SEO for Non-Google Search Engines: Worth the Effort?

By Practice Growth August 27, 2020

Whenever it comes to SEO, most people immediately think about Google. For a long time now, it has been the dominant search engine, and this is likely to stay the case in the future. Google currently owns around 86% of the global market share in searches, which includes its services like Maps, Images, and YouTube.

With all other search engines sharing only 14% of the market share, you might think that there’s no point in trying to rank high in them. But, is this really the case?

Why You Shouldn’t Ignore Other Search Engines

Even though Google holds the vast majority of the market, recent trends show a decline. For instance, Statista’s tracking chart showed that Google had a market share of 91.7% in April 2012. That has declined to 86.02% as of April 2020.

Now, this might not seem anything dramatic, especially over an extended timeframe. However, it’s a trend that you ought to follow if you have a long-term SEO strategy for your business.

This is especially true if you take into account the performance of alternative search engines. In the same timeframe, Bing’s market share climbed from 3.5% to 6.25%. That is almost double and comes out to tens of millions of users. Many of them might be part of your audience.

Beyond the Numbers

It’s not just a decline in market share that makes it worthwhile to consider other search engines. You also have to consider the reasons.

In recent years, Google has been under public scrutiny for its privacy practices. Pretty much everyone is aware of Google’s data harvesting and ad targeting. In fact, many businesses leverage these practices to get themselves in front of their audience.

Recently, however, people have become more significantly concerned about their online privacy. A big part of the decline is because many of the concerned have stayed away from Google searches. Alternatively, platforms like DuckDuckGo have seen an increase in popularity, which can be credited to their promises of privacy protection.

With all of the above in mind, you might want to consider climbing the rankings of other search engines. Besides, the competition in Google SEO is fierce almost to the level of cutthroat, so you might find it easier to focus on SEO for alternative search engines.

In addition, there’s always going to be that anti-juggernaut consumer.  The minute a player gets too big and powerful, the recoil and seek alternatives.

What Search Engines Should You Consider?

Companies and individuals turn to online marketing for the same reason – to reach their audience. This is why the first thing to ask about Google’s competitors is where can your audience be found. This depends on their demographics, interests, and search behaviors.

With that in mind, let’s go over the most common alternatives to Google that you might want to focus on.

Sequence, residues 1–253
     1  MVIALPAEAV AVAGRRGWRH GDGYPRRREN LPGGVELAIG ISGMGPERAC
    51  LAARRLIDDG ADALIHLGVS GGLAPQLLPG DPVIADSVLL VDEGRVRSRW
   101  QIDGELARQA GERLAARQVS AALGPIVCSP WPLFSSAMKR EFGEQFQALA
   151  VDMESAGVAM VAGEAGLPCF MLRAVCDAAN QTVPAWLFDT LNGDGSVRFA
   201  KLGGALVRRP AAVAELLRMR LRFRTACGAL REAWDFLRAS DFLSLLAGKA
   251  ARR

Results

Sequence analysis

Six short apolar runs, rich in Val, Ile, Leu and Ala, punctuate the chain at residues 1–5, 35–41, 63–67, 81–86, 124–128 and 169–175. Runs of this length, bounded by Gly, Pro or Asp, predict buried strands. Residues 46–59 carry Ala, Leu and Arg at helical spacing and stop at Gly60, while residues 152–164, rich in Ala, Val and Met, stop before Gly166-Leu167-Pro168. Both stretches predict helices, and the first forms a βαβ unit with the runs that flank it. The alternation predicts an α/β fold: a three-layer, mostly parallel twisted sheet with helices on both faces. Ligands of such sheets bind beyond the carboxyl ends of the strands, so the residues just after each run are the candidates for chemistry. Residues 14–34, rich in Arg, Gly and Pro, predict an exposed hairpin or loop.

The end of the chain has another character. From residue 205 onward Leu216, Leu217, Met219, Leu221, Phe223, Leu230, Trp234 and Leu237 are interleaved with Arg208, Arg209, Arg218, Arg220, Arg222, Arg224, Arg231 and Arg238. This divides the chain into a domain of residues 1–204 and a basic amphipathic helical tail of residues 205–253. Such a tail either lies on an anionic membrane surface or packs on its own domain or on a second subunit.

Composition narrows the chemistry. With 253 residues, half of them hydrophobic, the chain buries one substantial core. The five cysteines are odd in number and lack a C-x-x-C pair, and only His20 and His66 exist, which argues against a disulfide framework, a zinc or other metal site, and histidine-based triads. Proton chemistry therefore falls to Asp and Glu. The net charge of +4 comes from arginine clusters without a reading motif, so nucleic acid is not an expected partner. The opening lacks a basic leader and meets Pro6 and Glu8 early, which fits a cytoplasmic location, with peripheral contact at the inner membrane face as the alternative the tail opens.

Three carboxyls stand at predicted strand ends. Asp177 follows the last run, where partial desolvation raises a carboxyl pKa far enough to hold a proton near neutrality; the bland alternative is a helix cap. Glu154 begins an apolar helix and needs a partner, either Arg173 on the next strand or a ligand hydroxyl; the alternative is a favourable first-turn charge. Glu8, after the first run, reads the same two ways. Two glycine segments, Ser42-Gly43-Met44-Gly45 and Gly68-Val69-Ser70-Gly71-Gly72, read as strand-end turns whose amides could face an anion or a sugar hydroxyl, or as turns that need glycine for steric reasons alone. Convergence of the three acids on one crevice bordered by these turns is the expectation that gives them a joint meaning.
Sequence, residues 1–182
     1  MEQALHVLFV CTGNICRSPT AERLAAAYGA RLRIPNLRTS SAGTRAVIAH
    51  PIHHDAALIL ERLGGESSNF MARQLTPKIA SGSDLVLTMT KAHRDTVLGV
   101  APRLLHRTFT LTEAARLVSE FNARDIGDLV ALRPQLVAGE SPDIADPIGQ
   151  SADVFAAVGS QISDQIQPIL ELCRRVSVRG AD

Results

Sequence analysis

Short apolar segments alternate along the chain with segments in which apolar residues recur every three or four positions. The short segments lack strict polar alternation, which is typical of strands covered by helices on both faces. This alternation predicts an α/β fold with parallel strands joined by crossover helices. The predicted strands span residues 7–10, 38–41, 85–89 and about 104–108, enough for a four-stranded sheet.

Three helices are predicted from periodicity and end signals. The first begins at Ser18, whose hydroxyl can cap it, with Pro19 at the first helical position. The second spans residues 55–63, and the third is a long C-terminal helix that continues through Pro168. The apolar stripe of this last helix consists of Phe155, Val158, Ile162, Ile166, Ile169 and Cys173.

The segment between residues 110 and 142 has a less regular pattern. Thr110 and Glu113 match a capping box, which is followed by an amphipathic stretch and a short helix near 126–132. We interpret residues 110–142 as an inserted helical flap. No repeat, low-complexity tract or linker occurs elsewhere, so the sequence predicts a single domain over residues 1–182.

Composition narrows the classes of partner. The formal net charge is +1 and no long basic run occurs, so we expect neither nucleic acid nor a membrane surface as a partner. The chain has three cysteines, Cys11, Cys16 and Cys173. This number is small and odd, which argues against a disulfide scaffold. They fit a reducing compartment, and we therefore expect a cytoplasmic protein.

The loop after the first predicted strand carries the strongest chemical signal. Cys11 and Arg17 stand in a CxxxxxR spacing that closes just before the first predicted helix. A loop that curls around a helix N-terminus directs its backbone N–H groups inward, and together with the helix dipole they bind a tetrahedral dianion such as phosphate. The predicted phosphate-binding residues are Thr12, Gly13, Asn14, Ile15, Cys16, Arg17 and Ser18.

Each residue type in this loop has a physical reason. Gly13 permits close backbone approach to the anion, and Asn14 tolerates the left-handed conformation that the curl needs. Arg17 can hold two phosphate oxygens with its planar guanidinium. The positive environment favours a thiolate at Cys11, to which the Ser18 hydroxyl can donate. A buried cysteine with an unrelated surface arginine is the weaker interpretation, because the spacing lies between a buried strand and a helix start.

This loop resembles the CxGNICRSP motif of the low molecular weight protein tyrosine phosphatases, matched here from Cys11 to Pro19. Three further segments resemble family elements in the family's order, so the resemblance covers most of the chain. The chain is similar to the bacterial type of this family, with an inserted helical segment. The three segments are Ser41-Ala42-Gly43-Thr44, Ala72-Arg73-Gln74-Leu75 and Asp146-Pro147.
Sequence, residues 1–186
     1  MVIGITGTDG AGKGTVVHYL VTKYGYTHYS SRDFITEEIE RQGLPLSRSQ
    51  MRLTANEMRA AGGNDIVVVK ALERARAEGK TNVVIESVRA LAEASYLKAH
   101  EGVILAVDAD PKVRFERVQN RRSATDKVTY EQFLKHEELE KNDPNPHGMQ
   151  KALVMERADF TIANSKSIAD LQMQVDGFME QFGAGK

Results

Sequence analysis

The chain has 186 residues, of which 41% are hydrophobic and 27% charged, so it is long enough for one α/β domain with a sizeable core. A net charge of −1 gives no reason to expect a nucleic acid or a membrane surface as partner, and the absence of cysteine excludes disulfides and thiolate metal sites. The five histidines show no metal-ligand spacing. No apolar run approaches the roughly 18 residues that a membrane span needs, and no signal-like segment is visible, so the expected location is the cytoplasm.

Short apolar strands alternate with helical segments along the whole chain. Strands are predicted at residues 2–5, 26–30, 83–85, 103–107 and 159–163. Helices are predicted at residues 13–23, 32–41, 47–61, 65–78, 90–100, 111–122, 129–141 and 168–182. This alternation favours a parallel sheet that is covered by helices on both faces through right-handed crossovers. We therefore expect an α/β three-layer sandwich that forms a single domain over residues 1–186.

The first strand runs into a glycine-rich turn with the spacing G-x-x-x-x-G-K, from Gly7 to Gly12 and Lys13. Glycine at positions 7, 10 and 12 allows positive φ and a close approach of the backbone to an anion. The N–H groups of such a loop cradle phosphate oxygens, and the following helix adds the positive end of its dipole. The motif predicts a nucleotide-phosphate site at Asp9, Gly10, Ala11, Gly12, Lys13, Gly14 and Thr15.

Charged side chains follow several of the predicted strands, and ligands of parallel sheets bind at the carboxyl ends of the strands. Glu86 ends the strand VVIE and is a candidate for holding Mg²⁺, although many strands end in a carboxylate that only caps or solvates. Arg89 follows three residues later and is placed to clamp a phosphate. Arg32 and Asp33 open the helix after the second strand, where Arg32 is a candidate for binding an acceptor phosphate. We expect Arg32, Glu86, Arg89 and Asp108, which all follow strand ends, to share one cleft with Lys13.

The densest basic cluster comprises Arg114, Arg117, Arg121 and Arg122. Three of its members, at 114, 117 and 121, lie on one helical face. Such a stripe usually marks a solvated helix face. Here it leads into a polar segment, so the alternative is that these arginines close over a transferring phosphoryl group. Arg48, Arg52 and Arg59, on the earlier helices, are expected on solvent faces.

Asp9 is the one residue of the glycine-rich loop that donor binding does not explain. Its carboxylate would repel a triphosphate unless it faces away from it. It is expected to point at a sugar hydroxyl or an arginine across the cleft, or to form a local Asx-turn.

Microsoft has released a number of great devices over the past few years. Unsurprisingly, all of them use Bing as the default search engine for Edge and Internet Explorer. The rising popularity of Microsoft’s devices is among the top reasons that the tech behemoth’s house search engine has seen such an increase in use.

While it’s still nowhere close to Google, Bing might be worth exploring. If you look at the usage data, you’ll see that the search engine is more prevalent in some countries than others, which can favor local searches.

For instance, Statcounter’s data shows that Bing holds 6.11% of the US market. In comparison, it’s 4.36% and 4.14% in the Canadian and UK markets. Depending on where your business is located, you might benefit more or less from Bing SEO.


Launched in 2008, DuckDuckGo uses the so-called DuckDuckBots to crawl and gather information from over 400 sources, including Bing, Yahoo, and Wikipedia.

In February 2019, the company announced that users conduct more than a billion searches on the platform every month. At the same time, the search engine’s market share in the US stood at only 1.5%. But this only serves to prove the point that a seemingly small share doesn’t mean that a search engine isn’t widely used.

The main category of users who prefer DuckDuckGo is those who care about privacy. Unlike Google and Bing, DuckDuckGo doesn’t track its users.

However, this also means that it’s not capable of delivering personalized search results based on browsing history. It still provides localized searches, though, so you’ll want to keep that in mind if you decide to focus on the search engine.

Scratch Beneath the Surface

Are you saying you should ignore Google and focus entirely on its alternatives?

The answer is a hard “no.” The dominant search engine is the leader in online searches and by no small margin, so you should definitely focus most of your efforts on it.

That being said, it’d be wise to tap into the user base of other search engines as well. Bing is certainly one worth looking into, as its popularity has been consistently on the rise for a while. And if your potential patients are privacy-conscious, DuckDuckGo might be a good option.

In the end, you want to take a closer look at what these search engines have to offer from the traffic perspective. Do your research and see if your prospective patients use them. If so, don’t hesitate to work on your SEO and climb the search results.

1. Create Profile
2. Profile Options
3. Checkout
4. Publish Listing